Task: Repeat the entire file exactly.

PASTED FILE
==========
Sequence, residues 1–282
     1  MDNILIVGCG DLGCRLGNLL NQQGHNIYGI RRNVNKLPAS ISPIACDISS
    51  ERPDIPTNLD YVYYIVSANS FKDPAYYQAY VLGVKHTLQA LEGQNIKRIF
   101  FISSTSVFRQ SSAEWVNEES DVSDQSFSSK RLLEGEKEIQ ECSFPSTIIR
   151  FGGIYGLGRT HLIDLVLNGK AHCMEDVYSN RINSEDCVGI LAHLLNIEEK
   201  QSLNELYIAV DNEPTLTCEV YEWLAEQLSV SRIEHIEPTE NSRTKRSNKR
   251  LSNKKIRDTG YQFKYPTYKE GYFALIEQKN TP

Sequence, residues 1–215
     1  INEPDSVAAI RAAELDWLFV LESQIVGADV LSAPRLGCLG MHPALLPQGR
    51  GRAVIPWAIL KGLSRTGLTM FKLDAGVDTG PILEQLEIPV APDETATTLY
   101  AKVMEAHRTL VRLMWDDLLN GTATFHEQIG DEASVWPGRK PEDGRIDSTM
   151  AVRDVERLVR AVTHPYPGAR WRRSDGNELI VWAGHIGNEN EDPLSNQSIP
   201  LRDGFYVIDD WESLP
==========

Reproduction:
Sequence, residues 1–282
     1  MDNILIVGCG DLGCRLGNLL NQQGHNIYGI RRNVNKLPAS ISPIACDISS
    51  ERPDIPTNLD YVYYIVSANS FKDPAYYQAY VLGVKHTLQA LEGQNIKRIF
   101  FISSTSVFRQ SSAEWVNEES DVSDQSFSSK RLLEGEKEIQ ECSFPSTIIR
   151  FGGIYGLGRT HLIDLVLNGK AHCMEDVYSN RINSEDCVGI LAHLLNIEEK
   201  QSLNELYIAV DNEPTLTCEV YEWLAEQLSV SRIEHIEPTE NSRTKRSNKR
   251  LSNKKIRDTG YQFKYPTYKE GYFALIEQKN TP

Sequence, residues 1–215
     1  INEPDSVAAI RAAELDWLFV LESQIVGADV LSAPRLGCLG MHPALLPQGR
    51  GRAVIPWAIL KGLSRTGLTM FKLDAGVDTG PILEQLEIPV APDETATTLY
   101  AKVMEAHRTL VRLMWDDLLN GTATFHEQIG DEASVWPGRK PEDGRIDSTM
   151  AVRDVERLVR AVTHPYPGAR WRRSDGNELI VWAGHIGNEN EDPLSNQSIP
   201  LRDGFYVIDD WESLP